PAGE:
• Clinical science

Inguinal hernia


An inguinal hernia is an abnormal protrusion of intra-abdominal contents either through the deep inguinal ring (indirect inguinal hernia; lateral to the inferior epigastric artery) or through the weakened posterior wall of the inguinal canal (direct inguinal hernia; medial to the epigastric artery). Inguinal hernias are often asymptomatic, presenting as a painless swelling in the groin. Pain and features of intestinal obstruction are signs of a complicated inguinal hernia (obstructed/strangulated hernia). Diagnosis is mainly based on clinical findings. Surgical repair is the definitive treatment. Elective open/laparoscopic mesh repair of the inguinal hernia is the standard of care for uncomplicated inguinal hernias. Emergency surgery which may include resection of gangrenous bowel is indicated in patients with complicated inguinal hernias.



Epidemiological data refers to the US, unless otherwise specified.




Anatomy of the inguinal canal and the inguinal triangle (the Hesselbach triangle)

  • Extends between the deep (internal) and superficial (external) ring
  • Roof (superior): internal oblique and transversus abdominis muscles
  • Floor (inferior): inguinal ligament (shelving edge of external oblique) and lacunar ligament (medially)
  • Posterior wall: transversalis fascia laterally; conjoint tendon medially
  • Anterior wall: external oblique aponeurosis and internal oblique muscle laterally
  • Borders of Hesselbach triangle
    • Medially: rectus abdominis muscle
    • Laterally: inferior epigastric vessels
    • Inferiorly: inguinal ligament

Direct inguinal hernia

Indirect inguinal hernia

'MD': medial = direct


Clinical features

  • Visible, palpable groin protrusion or bulge
  • Inguinal pain (does not have to correlate with the size of the hernia)
  • Increase of symptoms during physical activity (walking or standing, coughing, sneezing, abdominal pressure)
  • Indirect inguinal hernia may be associated with a communicating hydrocele
  • Palpation of the inguinal canal
    1. With the patient standing, palpate from the scrotal skin towards the superficial (external) inguinal ring.
    2. Ask the patient to cough or strain and bear down (Valsalva maneuver).
  • For other possible symptoms, see “Complications” below.



Inguinal hernia diagnosis is typically established based on medical history and physical exam findings!

  • Ultrasound
    • Imaging test of choice
    • Visualization of the hernial orifice and hernial contents may be possible.
  • CT/MRT: to distinguish from differential diagnoses in ambiguous cases


Differential diagnoses

The differential diagnoses listed here are not exhaustive.


Indications for surgery

  • Complicated hernia (see “Complications” below)
  • Uncomplicated hernia + moderate symptoms:
    • Inguinal pain associated with exertion
    • Daily activities are limited due to pain
    • Manual reduction is not possible
  • Uncomplicated hernia + mild symptoms: elective hernia repair

Open vs. laparoscopic hernia repair

  • Indications for open hernia repair
    • Complicated hernias
    • Previous preperitoneal surgeries (e.g., hysterectomy, cesarean section)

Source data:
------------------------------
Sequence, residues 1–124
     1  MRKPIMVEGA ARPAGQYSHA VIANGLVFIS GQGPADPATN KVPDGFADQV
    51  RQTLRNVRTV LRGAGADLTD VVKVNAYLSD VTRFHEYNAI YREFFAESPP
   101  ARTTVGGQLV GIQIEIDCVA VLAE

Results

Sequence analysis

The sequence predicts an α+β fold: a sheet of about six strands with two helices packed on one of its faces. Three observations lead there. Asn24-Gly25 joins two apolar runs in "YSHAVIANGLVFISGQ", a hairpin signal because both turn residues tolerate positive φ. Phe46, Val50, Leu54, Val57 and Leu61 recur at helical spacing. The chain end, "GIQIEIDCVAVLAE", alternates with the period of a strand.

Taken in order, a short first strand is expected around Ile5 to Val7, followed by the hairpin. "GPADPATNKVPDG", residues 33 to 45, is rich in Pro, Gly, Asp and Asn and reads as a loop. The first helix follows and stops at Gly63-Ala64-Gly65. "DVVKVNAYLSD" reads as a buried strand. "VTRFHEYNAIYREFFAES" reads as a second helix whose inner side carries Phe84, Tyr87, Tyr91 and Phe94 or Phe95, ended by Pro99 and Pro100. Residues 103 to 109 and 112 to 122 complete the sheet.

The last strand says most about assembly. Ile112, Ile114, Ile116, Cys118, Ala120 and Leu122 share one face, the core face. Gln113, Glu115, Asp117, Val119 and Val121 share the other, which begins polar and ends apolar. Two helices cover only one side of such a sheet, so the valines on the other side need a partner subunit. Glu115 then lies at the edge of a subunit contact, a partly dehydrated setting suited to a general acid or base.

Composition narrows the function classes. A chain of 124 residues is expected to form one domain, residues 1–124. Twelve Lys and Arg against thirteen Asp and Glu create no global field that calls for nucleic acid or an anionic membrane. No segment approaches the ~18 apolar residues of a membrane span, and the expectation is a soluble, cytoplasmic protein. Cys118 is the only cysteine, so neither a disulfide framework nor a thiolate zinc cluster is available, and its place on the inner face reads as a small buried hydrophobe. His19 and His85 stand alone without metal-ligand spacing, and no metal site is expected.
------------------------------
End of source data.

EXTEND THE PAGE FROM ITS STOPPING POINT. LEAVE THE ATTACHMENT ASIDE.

• Presence of ascites
    • Inability to undergo surgery under general anesthesia
    • Recurrent hernia (if the patient initially had a laparoscopic hernia repair)
  • Indications for laparoscopic hernia repair
    • Bilateral hernia
    • Recurrent hernia (if the patient initially had an open hernia repair)

Surgical management

  • Main idea: reinforcement of the posterior wall of the inguinal canal with synthetic mesh or primary tissue approximation
    • Mesh vs. nonmesh repair: Mesh is preferred because of decreased recurrence rates and postoperative pain. It is contraindicated in the case of inguinal infection or contamination.
  • Most common surgical procedures
    • Conventional (open) surgical procedures
      • Lichtenstein repair: reinforcement by implementation of a synthetic mesh between the abdominal internal oblique muscle and the aponeurosis of the abdominal external oblique muscle
      • Shouldice repair: doubling of the transverse fascia and fixation of the abdominal internal oblique muscle and transverse muscle at the inguinal ligament by suture (a nonmesh repair)
    • Laparoscopic surgical procedures
      • Transabdominal preperitoneal repair (TAPP): laparoscopic, preperitoneal mesh implementation between the parietal peritoneum and transverse fascia
      • Total extraperitoneal repair (TEP): laparoscopic, extraperitoneal mesh implementation between parietal peritoneum and transverse fascia
    • The choice of which repair to perform depends on the type of hernia and patient's risk factors.
  • Recurrence after surgical intervention is 0.5–15% depending on the surgical procedure (see “Therapy” above).

Risks of surgery




We list the most important complications. The selection is not exhaustive.

Special patient groups

Inguinal hernia in infants

  • Epidemiology
    • Incidence: ∼ 1–5% of all children
    • > (∼ 4:1)
    • Occurs more often on the right side
  • Etiology and risk factors
  • Therapy: surgery
    • Premature infants with uncomplicated inguinal hernia: Surgery should be performed after discharge from the neonatal intensive care unit (NICU).
    • If hernia can be reduced manually: Wait 24–48 hours before performing surgery to allow enough time for edema to decrease.
    • If hernia cannot be reduced manually: immediate surgery
    • Asymptomatic inguinal hernia: within 14 days of diagnosis